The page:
Post-corona life will be marked by limiting physical distance between people, avoiding unnecessary trips and boosting the economy in a sustainable way. How can cities harness this disruption to promote a healthy and sustainable recovery? At FutureproofedCities, we screened synergies between our standardised climate measures and the measures announced by the government to ensure a safe recovery from the coronavirus crisis. 👇
🚴🏻♀️ Mobility: better, faster... and healthier
What is a necessary displacement, and what is not? Since the corona crisis, our vision on mobility has changed dramatically. One thing is certain: working from home and virtual meetings are here to stay.
Another certainty: we rarely witnessed so little travelling by car and so much cycling and walking as in the past weeks. A survey among Belgians showed that 30% plans to cycle more often in the future. The fact that it also contributes to a healthy lifestyle is an extra advantage.
Moreover, according to British research, the temporary improvement in air quality in recent weeks has also had a real impact on general public health: less asthma, fewer premature births and 11,000 (!) fewer deaths from air pollution. Why not keeping these benefits after coronavirus?
At the same time, it suddenly struck those walkers and cyclists how much of our public space is taken up by stationary cars. Cities like Brussels, Milan and New York have therefore already taken action to redesign their city. The result: more car-free zones in the city centre and many kilometres of additional cycle paths.
- Invest in cycling infrastructure (make them better, and more extensive)
- Test period for e-bikes
- Group purchase for e-bikes
- Tighten up parking policy
- Make urban delivery more efficient
🏙️ Home is where your energy bill is affordable and your child stays healthy
Probably you've never spent so much time at home. Hopefully you’re lucky enough to stay in a comfortable housing, which gets warm enough in winter, and doesn't get unbearably hot in summer.
That's by no means the case for everyone. Many houses have electricity problems, a leaking roof, damp walls or a wet floor. The energy consumption for heating such a home, where energy literally creeps out through windows and doors, is often 80 percent higher than for a renovated home. Apart from economic reasons, living in such a house also has negative effects on physical and mental health.
- Thermographical map
- Group purchase insulation
- Roof insulation
- Insulation premiums
- Flyers for new or foreign-speaking residents
🛍️ Shops: sliding doors to keep the virus and the heat out
How do we keep the virus out of the stores? Shop owners will be obliged to limit the number of people in their shop so that social distancing can be respected.
In addition, hygiene is crucial. To prevent people from all touching the same doorknob, electric sliding doors can offer solace. Extra benefit: they also save the retailer money to maintain air quality, ventilation or heating all year round.
🌳 Agriculture and nature: green fingers to the heart of the city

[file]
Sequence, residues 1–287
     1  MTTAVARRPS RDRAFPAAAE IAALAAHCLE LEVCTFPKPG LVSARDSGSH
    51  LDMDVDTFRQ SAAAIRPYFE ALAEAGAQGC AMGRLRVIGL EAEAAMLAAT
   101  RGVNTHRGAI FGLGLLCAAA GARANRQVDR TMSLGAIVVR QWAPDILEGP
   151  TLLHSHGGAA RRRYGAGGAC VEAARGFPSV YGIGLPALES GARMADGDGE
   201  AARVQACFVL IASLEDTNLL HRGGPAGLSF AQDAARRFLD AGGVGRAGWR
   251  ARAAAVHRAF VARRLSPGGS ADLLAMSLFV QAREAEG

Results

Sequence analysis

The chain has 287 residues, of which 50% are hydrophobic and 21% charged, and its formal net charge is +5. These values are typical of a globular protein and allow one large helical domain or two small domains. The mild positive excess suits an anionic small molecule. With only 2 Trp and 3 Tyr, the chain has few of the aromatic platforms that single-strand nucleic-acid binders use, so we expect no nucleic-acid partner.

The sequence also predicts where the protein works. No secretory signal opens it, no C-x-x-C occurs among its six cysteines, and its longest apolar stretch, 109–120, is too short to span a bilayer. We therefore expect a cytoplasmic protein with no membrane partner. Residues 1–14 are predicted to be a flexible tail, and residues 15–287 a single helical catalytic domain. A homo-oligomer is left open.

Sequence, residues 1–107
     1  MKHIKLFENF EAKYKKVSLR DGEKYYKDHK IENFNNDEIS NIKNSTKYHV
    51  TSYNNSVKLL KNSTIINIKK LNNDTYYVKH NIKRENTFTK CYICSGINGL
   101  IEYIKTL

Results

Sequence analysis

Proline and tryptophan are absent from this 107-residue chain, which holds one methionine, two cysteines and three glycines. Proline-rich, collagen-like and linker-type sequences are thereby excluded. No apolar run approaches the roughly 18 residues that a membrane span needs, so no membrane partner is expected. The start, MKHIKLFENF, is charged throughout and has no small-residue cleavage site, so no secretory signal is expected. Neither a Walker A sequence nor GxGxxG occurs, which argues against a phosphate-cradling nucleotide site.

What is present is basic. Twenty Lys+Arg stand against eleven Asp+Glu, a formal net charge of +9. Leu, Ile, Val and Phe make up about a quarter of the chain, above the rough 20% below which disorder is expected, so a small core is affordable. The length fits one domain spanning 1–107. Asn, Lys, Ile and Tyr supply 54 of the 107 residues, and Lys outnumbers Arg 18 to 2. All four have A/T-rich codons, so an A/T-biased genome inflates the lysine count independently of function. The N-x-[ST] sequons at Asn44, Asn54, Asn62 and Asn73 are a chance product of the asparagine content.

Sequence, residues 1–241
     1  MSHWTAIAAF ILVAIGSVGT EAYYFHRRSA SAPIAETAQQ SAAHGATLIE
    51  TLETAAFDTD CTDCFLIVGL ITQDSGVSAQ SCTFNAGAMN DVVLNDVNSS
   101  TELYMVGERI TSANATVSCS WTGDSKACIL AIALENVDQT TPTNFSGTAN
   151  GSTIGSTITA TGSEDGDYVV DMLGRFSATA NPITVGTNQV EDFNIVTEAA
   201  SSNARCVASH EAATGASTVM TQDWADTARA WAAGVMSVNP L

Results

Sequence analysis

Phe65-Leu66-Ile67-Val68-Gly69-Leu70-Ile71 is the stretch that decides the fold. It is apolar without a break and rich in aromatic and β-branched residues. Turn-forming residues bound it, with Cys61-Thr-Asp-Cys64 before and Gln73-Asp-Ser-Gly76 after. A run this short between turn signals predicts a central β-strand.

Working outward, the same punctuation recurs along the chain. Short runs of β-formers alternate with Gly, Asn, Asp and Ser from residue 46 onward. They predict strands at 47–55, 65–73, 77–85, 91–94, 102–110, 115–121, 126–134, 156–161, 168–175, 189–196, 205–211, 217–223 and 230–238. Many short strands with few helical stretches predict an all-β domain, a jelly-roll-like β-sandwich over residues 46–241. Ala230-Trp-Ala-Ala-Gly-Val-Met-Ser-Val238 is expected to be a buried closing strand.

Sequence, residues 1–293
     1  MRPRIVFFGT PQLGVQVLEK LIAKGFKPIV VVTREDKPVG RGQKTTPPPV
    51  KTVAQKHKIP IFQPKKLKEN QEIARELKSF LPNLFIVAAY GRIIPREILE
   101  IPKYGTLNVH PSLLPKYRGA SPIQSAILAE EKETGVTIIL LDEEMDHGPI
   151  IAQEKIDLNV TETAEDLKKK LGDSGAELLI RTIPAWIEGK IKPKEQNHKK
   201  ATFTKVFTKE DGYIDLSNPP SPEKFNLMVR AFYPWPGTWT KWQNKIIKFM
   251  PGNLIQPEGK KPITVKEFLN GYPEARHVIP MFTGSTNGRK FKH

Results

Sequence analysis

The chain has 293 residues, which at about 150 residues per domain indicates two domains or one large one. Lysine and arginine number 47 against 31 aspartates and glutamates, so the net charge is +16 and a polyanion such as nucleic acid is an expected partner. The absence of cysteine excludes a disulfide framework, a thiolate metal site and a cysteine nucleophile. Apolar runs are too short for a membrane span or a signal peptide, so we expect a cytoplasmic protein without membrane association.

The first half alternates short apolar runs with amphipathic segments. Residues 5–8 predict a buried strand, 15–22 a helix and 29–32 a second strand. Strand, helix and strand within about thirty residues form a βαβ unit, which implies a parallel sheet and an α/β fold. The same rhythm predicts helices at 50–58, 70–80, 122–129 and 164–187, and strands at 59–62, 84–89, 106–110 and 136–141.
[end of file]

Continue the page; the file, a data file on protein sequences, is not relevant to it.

Have you noticed? Citizens tended to search for open and green spaces around their homes more often. To work out, or just to chill. By planting more trees and opening up more city gardens or parks, intelligent cities can meet that growing demand and become more attractive. Vertical gardens can also radically green-up the appearance of the city.
It’s been busy in garden centres the past few weeks: many people started gardening or even cultivated their own vegetables. Of course, not everyone has the luxury of their own patch of land. That's why cities can make a huge difference here. More allotments and space for urban agriculture can be both enjoyable and useful to make the city's food system more resilient.
💦 Climate adaptation
Let's not get paralyzed about it, but there is a big chance that one day we will have to deal with another global virus. What factors will determine whether we can fight it efficiently? The answer is, at least in part, climate adaptation.
Can we keep cities cool in summer, and can we avoid flooding after heavy rains? Can we succeed in giving citizens enough space and green spaces in the city? The common denominator is spatial planning. Futureproofed spatial planning links natural areas, parks and waterways to form a pendulum of blue and greenery, right into the heart of the city.
🦠 Effect of corona in our community of FutureproofedCities
Can this crisis be an opportunity to relaunch our ambitions for better and futureproofed municipalities? We asked this during our webinar 'How to act on the corona and the climate'.
The commune of Saint-Gilles is setting up a bicycle library: 40 bicycles in 2 communal schools that will be available for classes. In addition, several streets have been temporarily converted into cycle lanes and the aim is to convert them into cycle lanes in the long term too.
In Marche-en-Famenne, an urban boulevard was reorganized: a central lane has been put in place dedicated to soft mobility, i.e. pedestrians or cyclists. The networks of cycle lanes and ravel roads have also been widened and redeveloped. At the same time, two other projects are in preparation: a project for shared bicycles and a group purchase of electric bicycles.
The intermunicipal association inBW has launched a public contract for a shared bicycle project, which is intended to be extended to all 27 municipalities in Walloon Brabant. The financing of all this will be done through a participation of each municipality, fixed at 2 euros per inhabitant.
In Bruges it has been calculated that for every euro invested in a bicycle project, they get a social benefit of 1.5 euro. It is very interesting to take into account some social gains that are usually forgotten. A cycling policy does not only generate direct income, but also indirect income.
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